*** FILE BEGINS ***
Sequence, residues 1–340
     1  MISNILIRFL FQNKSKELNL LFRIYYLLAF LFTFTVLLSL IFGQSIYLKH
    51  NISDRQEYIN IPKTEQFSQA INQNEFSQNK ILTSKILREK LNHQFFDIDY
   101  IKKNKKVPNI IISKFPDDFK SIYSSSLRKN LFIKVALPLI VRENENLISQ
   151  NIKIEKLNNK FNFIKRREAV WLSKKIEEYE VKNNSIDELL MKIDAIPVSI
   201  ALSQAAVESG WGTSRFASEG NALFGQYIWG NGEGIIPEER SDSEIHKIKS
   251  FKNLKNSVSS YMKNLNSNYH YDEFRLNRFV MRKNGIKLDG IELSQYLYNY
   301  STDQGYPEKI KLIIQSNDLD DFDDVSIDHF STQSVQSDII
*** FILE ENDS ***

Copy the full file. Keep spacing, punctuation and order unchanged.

Sequence, residues 1–340
     1  MISNILIRFL FQNKSKELNL LFRIYYLLAF LFTFTVLLSL IFGQSIYLKH
    51  NISDRQEYIN IPKTEQFSQA INQNEFSQNK ILTSKILREK LNHQFFDIDY
   101  IKKNKKVPNI IISKFPDDFK SIYSSSLRKN LFIKVALPLI VRENENLISQ
   151  NIKIEKLNNK FNFIKRREAV WLSKKIEEYE VKNNSIDELL MKIDAIPVSI
   201  ALSQAAVESG WGTSRFASEG NALFGQYIWG NGEGIIPEER SDSEIHKIKS
   251  FKNLKNSVSS YMKNLNSNYH YDEFRLNRFV MRKNGIKLDG IELSQYLYNY
   301  STDQGYPEKI KLIIQSNDLD DFDDVSIDHF STQSVQSDII